On Sunday, following two devastating mass shootings, Neil deGrasse Tyson decided to do a science-y tweet about gun violence. Here it is:
This is not the first time Neil Ty deScience Guy has gone out on a limb to tweet some pedantic, inflammatory shit to please his legions of normie-ass fans, the same kind of people who spend time with the moronic “I Fucking Love Science” Facebook page. This blog is enabling them, but I don’t care, because this shit makes me angry—and Tyson’s gun violence tweet crosses the line from “painfully unfunny cringe shit” to “disingenuous fodder for pro-gun talking points.”
The tweet sucks on the surface because he’s trying to do some “well, actually, it’s not that bad” shit (see Stephen Pinker’s entire career if you’re into this kind of garbage) while there are people literally still in the process of dying from the bullet wounds they sustained at the hands of not one but two mass shooters in a 24-hour period. Bad timing, dude! Poor taste. Unfortunately for Tyson (or not, maybe, since this kind of response appears to be his entire goal?), but the conclusion he meant to draw is murky at best and dangerous at worst.
First, a note on numbers: Per FBI data, there were 7,105 handgun homicides in the U.S. in 2016, which works out to an average of about 19.47 per day, so 40 is roughly correct for a 48-hour period based on 2016 numbers. The main problem is that he presents the number of mass shooting deaths as an insignificant problem in the scope of other public health crises in the U.S., which is a deeply disingenuous framing of the issue. (Also, the mass shootings actually occurred within 24 hours of each other, but whatever.)
Let’s look at his own numbers: every 48 hours, 40 people die of handgun homicides and 250 die by suicide. Except half of all suicides involve a gun, so that’s another 125 deaths every 48 hours from suicide. From his non-apology posted after the tweet, Tyson says he was trying to “offer objectively true information that might help shape conversations and reactions to preventable ways we die,” whatever the fuck that means. What was he trying to say? That mass shooting deaths are a small percentage of overall gun deaths? Sure, dude. You can make that point. Probably not a great point to make within hours of two mass shootings, but fine.
His tweet also missed the wider context that a huge proportion of those suicides and many other homicides also occur in a 48 hour period because of guns. Mass shootings are part of the gun epidemic plaguing the country and should be treated as such. Also, by his own numbers, the death toll in El Paso and Dayton effectively doubled the gun homicide rate for that span of time, which in and of itself is a pretty significant statistic.
If Tyson had any particular expertise on this subject, he’d probably know that downplaying mass shootings and pointing instead to pistol homicides is a favorite bad-faith talking point of Second Amendment purists. They love to point to the fact that the majority of American gun violence takes place in urban areas like Chicago, which has strict gun laws. They won’t dare suggest that you should take handguns away from people, but they’ll certainly suggest that gun violence is actually all the fault of black people who get guns illegally (Chicago’s strict gun laws do nothing to curb the flow of guns legally purchased in neighboring states), which in turn is held up as proof that gun control laws don’t work. It’s fodder for reductive, bad-faith arguments that belie the research we have into the actual causes of gun violence (the presence of guns themselves, mostly).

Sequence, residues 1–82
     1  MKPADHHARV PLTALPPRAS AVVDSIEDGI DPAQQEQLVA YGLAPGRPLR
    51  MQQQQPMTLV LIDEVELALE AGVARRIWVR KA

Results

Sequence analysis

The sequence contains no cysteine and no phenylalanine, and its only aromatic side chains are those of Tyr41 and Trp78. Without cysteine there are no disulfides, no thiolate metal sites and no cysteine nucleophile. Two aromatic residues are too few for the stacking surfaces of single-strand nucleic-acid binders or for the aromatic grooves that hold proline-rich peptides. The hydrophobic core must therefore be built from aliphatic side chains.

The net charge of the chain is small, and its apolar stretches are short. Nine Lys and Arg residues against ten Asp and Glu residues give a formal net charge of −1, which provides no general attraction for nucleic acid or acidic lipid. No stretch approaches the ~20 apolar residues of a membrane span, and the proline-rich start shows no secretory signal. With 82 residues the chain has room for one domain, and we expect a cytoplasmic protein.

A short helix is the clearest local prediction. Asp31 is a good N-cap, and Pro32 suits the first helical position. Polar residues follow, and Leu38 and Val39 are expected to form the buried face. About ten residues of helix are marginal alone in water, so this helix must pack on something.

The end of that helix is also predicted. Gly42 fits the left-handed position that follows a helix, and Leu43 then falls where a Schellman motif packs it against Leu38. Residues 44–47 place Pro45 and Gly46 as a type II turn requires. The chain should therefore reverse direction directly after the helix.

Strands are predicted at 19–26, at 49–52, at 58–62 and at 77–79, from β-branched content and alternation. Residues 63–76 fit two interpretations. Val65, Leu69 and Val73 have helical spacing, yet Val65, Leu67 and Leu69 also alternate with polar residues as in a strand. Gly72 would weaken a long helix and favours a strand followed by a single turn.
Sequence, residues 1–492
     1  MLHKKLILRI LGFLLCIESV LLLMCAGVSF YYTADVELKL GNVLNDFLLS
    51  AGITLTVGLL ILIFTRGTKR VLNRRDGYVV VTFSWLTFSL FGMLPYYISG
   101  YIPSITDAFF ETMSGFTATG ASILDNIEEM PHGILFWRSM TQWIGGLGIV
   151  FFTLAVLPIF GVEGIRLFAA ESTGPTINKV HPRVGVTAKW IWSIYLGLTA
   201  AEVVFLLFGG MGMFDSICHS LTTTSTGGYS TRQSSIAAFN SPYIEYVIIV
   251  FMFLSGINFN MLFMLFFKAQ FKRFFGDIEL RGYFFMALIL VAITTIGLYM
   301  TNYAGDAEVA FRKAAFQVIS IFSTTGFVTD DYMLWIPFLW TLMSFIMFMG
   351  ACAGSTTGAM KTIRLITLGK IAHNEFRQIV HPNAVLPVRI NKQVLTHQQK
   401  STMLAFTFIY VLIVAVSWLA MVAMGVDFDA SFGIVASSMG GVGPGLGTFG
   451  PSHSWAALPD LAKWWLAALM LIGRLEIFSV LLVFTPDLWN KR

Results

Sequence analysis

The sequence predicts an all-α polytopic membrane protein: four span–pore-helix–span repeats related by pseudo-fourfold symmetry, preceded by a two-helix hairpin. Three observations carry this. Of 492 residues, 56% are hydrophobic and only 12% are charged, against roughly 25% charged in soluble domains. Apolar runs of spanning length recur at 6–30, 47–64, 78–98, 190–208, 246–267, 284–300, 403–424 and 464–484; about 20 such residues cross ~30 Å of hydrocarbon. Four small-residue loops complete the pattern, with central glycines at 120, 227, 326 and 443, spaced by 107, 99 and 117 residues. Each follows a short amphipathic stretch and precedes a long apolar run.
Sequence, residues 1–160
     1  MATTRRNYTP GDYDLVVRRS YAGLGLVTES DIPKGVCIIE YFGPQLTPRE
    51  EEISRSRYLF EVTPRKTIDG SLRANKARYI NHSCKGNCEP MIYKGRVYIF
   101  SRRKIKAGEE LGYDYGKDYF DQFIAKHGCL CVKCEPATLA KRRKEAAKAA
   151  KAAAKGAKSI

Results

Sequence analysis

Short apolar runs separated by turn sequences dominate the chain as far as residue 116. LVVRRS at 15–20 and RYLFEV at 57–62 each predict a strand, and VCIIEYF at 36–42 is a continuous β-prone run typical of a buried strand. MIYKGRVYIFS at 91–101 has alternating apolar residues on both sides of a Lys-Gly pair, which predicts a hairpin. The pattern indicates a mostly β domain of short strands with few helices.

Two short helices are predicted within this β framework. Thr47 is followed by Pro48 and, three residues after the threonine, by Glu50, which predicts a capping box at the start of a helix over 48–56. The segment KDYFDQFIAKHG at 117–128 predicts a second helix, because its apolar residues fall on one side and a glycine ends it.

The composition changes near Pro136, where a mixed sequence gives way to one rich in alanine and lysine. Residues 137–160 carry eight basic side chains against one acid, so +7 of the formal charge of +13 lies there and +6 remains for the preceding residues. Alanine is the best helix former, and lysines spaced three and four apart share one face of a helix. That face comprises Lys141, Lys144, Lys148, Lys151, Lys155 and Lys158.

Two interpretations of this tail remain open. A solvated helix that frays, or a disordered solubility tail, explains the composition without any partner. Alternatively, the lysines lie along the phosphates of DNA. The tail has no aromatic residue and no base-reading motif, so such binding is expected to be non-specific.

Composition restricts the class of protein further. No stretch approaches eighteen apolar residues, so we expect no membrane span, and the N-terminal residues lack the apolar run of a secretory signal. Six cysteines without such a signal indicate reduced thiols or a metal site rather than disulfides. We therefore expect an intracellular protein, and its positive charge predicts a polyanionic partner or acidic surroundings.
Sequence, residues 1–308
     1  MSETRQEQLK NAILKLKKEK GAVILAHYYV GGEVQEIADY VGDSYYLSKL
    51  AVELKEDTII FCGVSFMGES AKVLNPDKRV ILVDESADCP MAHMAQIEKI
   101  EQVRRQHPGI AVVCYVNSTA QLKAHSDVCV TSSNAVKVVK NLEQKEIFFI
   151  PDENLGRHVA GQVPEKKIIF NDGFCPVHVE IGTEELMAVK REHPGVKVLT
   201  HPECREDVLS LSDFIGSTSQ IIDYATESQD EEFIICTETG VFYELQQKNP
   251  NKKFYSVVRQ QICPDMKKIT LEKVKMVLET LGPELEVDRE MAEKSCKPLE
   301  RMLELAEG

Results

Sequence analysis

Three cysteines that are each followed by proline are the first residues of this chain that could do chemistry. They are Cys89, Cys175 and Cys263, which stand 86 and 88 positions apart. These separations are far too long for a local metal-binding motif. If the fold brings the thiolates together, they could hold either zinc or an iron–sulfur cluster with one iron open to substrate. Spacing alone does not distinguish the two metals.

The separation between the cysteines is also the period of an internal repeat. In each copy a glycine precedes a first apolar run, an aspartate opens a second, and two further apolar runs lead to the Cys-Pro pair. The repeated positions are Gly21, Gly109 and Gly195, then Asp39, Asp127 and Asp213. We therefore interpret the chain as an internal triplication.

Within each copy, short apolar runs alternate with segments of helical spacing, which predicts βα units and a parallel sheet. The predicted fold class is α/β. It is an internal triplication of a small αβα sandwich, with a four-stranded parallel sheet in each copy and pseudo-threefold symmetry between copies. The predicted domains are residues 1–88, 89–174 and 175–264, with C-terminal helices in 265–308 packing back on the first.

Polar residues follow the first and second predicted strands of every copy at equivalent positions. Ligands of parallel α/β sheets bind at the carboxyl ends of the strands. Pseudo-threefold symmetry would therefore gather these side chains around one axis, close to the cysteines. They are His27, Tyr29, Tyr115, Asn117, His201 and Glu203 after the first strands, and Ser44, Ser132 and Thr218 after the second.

And speaking of that research: Tyson treats gun violence if it’s any other preventative cause of death, like motor vehicle accidents or the flu. All of the other things Tyson lists are public health emergencies, and they’re studied as such. Gun violence isn’t. Thanks to the fuckeries of a Republican Congress in 1996 and the continued efforts of the gun lobby, researchers’ ability to study gun violence has been hamstrung for decades. As the Atlantic reported last year:
The modern origins of the impasse can be traced to 1996, when Congress passed an amendment to a spending bill that forbade the Centers for Disease Control and Prevention from using money to “advocate or promote gun control.” The National Rifle Association had pushed for the amendment, after public-health researchers produced a spate of studies suggesting that, for example, having a gun in the house increased risk of homicide and suicide. It deemed the research politically motivated. Gun-rights advocates zeroed in on statements like that of Mark Rosenberg, then the director of the CDC’s National Center for Injury Prevention and Control. In response to the early ’90s crime wave, Rosenberg had said in 1994, “We need to revolutionize the way we look at guns, like what we did with cigarettes ... It used to be that smoking was a glamour symbol—cool, sexy, macho. Now it is dirty, deadly—and banned.”
The actual amendment sponsored by Jay Dickey, a congressman from Arkansas, did not explicitly forbid research into gun-related deaths, just advocacy. But the Congress also lowered the CDC’s budget by the exact amount it spent on such research. Message received. It’s had a chilling effect on the entire field for decades.
You want to be a pendant for science, Neil deGrasse Tyson? How about you talk about the funding gap between firearm research and every other preventable cause of death. That’d certainly be a better use of your platform as an “educator” than whatever this is.